In 1978, EATEN ALIVE! was part of a challenge to a Chicago, IL, law that allowed the city’s film review board to rate films as “adult only” based on violence. The city sued after New World Pictures refused to accept the classification restricting anyone under age eighteen from seeing one of its films, PEOPLE TOYS. Judge Raymond K. Berg upheld the 1976 Chicago ordinance banning the exhibition of violent films to minors.

Tobe Hooper and Wayne Bell provided the film’s music, which has not had a release.

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In the 1979 two-part made-for-television film SALEM’S LOT, David Soul played a successful novelist who returns to his boyhood home and finds strange doings, behind many of which is a sinister-looking antique dealer played by James Mason. Tobe Hooper directed the film from a teleplay by Paul Monash based on Stephen King’s novel. Producer Richard Kobritz selected Hooper after viewing THE TEXAS CHAINSAW MASSACRE.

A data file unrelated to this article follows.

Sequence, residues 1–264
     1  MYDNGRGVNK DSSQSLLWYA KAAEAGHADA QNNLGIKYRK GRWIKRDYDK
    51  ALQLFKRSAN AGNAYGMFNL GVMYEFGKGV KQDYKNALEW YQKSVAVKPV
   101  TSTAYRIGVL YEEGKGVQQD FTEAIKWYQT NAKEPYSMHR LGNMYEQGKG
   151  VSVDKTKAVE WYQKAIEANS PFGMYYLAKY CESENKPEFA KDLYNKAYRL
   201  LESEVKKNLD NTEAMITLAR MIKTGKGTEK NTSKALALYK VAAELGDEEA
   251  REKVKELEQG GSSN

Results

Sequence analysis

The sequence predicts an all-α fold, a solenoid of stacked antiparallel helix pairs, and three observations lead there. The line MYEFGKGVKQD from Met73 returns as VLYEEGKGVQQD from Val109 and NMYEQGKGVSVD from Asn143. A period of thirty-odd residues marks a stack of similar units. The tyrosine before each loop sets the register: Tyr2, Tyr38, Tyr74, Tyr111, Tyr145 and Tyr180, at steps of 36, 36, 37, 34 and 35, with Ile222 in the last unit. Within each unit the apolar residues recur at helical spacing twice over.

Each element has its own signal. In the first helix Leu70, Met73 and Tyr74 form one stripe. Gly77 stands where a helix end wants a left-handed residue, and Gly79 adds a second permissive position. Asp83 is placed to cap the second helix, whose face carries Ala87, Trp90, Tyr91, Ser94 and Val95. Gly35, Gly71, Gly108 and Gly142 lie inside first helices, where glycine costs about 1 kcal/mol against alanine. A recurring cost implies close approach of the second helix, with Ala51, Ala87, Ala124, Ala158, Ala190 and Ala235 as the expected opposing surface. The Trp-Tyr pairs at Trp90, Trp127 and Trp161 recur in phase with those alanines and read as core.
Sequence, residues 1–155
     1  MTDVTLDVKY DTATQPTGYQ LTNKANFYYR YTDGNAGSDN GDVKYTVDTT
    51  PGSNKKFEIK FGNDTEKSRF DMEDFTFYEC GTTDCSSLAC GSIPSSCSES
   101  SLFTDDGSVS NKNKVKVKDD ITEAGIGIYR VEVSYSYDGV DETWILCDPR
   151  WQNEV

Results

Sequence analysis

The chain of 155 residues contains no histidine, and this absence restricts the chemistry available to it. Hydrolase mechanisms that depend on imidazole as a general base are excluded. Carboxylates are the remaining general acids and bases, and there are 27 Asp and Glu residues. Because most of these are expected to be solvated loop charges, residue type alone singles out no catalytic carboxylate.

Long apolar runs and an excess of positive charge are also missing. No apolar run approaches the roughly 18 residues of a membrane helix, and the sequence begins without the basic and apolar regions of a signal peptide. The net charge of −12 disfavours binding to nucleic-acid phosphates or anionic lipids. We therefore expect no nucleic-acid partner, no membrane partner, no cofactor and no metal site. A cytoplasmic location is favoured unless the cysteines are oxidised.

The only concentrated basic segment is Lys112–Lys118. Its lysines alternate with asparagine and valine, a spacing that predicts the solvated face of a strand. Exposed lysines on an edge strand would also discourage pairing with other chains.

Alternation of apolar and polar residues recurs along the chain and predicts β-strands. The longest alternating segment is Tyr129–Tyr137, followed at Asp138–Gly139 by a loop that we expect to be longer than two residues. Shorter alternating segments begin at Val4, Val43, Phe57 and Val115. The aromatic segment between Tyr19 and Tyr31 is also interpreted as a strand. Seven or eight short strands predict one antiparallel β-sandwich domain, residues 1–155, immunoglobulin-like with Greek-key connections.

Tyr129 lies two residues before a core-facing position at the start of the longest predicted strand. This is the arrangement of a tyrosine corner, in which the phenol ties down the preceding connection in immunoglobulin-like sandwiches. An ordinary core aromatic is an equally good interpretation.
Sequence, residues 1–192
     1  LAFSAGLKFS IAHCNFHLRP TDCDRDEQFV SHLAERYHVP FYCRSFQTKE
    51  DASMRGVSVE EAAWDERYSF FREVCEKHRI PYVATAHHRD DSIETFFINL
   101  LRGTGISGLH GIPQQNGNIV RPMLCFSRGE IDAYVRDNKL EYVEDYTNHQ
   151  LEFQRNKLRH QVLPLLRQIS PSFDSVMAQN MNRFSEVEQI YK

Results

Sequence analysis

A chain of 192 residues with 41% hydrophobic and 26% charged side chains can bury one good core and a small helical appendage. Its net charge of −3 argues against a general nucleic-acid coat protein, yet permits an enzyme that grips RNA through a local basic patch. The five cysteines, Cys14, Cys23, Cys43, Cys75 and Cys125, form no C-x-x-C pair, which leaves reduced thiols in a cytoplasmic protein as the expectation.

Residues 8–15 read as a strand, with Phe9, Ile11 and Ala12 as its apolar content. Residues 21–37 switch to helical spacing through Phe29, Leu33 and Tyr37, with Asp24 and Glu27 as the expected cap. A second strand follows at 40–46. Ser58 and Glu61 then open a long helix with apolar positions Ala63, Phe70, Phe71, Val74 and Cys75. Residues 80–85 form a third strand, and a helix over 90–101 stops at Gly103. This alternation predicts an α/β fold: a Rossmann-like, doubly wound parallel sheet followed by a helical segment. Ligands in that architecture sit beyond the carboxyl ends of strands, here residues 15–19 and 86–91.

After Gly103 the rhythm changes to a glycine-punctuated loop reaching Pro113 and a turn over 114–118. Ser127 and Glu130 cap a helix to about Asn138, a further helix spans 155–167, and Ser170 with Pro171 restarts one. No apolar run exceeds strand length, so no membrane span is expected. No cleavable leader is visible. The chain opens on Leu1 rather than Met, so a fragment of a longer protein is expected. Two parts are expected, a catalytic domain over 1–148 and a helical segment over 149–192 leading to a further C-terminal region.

Hooper recalled that the makeup work on Reggie Nalder (“Kurt Barlow”) had to be constantly touched up as it would crack or fall off while the actor was performing for the camera. Hooper said that the film's finale required numerous takes to keep the makeup work intact during shooting.

The original 184-minute telefilm was cut down to 150 minutes for a single night’s rerun on network television. A 112-minute version was prepared for theatrical release overseas and for U.S. cable TV. This latter version has some different music than appeared in the original. Henry Sukman’s score for the original full-length film received an Emmy nomination. He lost to Jerry Fielding, who received a posthumous award for his score for the television movie HIGH MIDNIGHT. Sukman’s score was released by Intrada in 2013.

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When four teenage friends go to the carnival and spend the night in THE FUNHOUSE, they are stalked by a deformed man in a mask. Star Elizabeth Berridge was given an “Introducing” credit, although she had appeared in the 1979 independent film NATURAL ENEMIES.